Where is the lost treasure of Parson Keithley?
Many tales have been told about the gold rush days in
California, some true, some concocted out of pure imagination. Whether to
believe these tales is always left up to the person that hears the story. Then
as the story is passed down through the years, many times, more is added to the
actual facts making it even harder to believe. Just like the story about Parson
Parson Keithley was a bizarre and odd character
even for the gold rush era. Prior to the gold rush, Parson Keithley was known to
be strange fellow. He would wander the countryside of the Ozarks in Stone
County, preaching on Sundays and just roaming the rest of the week. He always
carried his gun on his shoulder and had his trusty dog along side. His family
never knew where he was or when he was coming home. He would leave for days on
end and then appear just as quickly as he had left. No one knew exactly what he
did while he was out roaming and he never even spoke a word of his adventures.
When the news of the California gold rush made it
to Missouri, Parson Keithley was an elderly man, still roaming the countryside
and preaching on Sundays. One day, he left home like any other day but was not
heard from for many months. This was out of character. He might disappear for a
few days, but never for a month or more. Finally, after quite a few months, his
family received a letter from Parsons Keithley stating he was in California. One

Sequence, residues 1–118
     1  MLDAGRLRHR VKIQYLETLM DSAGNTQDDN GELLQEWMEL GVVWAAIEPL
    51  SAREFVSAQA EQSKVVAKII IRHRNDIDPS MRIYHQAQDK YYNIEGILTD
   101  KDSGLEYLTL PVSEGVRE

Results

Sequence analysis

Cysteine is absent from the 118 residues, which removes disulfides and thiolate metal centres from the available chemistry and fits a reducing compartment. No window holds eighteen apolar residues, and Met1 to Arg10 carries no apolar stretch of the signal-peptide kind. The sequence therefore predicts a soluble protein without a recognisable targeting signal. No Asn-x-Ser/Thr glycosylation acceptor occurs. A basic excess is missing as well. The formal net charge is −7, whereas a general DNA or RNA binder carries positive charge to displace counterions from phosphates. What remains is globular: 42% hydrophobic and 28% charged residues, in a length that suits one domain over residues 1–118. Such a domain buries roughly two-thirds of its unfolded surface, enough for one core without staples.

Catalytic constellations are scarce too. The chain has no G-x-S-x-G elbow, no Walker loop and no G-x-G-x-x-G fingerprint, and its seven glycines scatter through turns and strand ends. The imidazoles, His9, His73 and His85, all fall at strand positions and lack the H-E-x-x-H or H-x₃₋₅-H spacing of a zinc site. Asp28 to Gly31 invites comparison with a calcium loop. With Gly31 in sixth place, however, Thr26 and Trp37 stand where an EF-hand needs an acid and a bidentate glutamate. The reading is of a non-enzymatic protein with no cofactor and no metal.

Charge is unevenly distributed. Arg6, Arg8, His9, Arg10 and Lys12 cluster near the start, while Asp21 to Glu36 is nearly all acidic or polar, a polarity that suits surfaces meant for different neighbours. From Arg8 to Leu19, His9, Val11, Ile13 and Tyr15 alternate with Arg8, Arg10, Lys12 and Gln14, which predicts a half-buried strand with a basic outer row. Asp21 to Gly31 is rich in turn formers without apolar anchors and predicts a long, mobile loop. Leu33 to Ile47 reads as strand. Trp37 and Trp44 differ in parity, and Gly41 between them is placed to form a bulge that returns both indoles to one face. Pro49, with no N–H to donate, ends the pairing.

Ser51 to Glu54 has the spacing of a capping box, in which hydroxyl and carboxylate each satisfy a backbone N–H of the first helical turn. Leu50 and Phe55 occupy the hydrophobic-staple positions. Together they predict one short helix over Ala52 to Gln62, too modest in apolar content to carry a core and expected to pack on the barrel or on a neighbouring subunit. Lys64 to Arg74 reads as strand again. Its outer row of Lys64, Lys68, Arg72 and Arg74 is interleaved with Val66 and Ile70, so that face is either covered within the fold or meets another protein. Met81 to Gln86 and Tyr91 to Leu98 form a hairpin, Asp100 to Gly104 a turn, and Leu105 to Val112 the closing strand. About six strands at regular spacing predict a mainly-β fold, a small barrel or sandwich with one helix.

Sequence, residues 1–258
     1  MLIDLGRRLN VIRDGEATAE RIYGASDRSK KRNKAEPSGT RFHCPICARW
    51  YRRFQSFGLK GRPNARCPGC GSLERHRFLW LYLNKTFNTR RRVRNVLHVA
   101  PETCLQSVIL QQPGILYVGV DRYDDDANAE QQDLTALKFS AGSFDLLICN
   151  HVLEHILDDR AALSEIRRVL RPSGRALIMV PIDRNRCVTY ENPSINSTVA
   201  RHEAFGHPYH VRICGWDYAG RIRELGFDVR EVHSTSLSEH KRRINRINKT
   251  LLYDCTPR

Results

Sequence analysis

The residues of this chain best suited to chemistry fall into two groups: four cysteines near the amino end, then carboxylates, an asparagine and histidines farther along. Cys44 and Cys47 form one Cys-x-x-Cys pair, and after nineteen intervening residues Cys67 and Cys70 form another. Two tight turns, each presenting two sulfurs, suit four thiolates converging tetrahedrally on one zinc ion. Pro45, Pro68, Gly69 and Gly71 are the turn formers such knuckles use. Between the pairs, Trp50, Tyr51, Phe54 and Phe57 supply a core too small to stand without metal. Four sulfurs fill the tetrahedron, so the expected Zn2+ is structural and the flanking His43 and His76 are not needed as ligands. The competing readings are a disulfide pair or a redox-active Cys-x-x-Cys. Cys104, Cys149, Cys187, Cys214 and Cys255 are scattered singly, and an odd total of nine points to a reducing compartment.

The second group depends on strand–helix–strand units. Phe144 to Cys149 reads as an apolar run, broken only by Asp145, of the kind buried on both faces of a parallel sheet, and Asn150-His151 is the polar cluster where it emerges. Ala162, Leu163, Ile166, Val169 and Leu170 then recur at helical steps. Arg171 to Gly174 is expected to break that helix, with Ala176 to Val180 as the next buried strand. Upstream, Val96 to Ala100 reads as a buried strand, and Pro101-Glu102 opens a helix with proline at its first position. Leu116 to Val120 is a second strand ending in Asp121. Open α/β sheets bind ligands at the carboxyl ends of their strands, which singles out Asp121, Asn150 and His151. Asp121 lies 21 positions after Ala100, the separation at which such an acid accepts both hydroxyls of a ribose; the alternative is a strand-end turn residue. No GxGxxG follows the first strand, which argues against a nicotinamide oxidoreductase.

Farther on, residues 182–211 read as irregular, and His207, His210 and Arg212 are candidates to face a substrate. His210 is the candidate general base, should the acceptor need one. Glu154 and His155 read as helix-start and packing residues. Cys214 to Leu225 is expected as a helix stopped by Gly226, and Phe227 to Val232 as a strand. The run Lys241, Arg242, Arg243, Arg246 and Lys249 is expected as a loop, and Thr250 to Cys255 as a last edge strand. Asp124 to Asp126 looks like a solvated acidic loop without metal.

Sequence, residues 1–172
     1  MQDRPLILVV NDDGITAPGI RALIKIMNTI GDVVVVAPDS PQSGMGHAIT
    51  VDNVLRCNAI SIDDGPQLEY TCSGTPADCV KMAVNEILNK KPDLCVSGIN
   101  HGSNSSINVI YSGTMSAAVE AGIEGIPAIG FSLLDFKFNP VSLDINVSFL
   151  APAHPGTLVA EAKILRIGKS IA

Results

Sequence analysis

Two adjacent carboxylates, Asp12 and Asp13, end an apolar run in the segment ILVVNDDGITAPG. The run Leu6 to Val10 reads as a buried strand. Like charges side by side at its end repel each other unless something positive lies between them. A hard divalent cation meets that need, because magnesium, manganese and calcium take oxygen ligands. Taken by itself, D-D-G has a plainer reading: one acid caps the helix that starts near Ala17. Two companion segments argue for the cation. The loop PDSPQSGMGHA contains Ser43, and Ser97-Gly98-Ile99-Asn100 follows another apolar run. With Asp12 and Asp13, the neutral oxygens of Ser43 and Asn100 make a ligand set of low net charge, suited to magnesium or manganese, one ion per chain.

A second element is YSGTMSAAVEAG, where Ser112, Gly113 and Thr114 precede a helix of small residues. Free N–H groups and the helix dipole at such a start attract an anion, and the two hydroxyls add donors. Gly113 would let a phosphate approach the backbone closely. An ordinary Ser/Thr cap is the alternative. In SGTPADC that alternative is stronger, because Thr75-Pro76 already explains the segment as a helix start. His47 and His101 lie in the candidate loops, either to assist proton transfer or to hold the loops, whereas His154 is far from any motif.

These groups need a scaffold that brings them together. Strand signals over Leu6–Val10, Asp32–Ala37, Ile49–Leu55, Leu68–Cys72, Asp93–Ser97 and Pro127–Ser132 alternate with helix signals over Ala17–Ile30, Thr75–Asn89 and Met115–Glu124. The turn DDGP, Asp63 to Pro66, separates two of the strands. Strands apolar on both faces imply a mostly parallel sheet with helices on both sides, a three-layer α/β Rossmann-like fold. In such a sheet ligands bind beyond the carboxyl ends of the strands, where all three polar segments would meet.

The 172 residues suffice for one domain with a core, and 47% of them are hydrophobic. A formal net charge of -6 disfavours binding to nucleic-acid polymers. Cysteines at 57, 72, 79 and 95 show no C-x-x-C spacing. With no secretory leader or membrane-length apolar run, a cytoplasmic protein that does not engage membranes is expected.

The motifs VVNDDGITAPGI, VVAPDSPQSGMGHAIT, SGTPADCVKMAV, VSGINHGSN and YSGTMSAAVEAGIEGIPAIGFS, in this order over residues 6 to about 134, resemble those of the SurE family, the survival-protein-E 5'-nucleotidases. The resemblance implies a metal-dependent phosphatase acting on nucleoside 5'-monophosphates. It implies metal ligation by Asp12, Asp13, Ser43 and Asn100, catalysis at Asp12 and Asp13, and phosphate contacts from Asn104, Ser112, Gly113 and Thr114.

day, two years and eight months later, he reappeared at home and began his old
rituals, preaching on Sundays, roaming the rest of the time.
The family finally found out what Parson had found
while in California and that its value was at the time around $6,000. He never
mentioned where he hid the gold. However, he would pull a $10 gold coin from his
pocket now and then to hand to his daughter. All he would say was “See here what
Parson Keithley had a favorite cave in which he
used for mediating as the story goes and the town folk even fondly called the
cave “Keithley’s Cave”. After the end of the Civil War, the parson prepared the
cave for his burial. He walling off a room and had a five-foot entrance leading
to the room. He built a double stone door inclined at an angle at the entrance
of the cave. He lived to be over 90 years of age. The story does not state
whether he was buried in the cave or not. However, even at his death, he never
admitted have found gold in California, but many believe he did find gold and
that he buried in either his garden or the cave.
The cave can be found close to Galena, Missouri.
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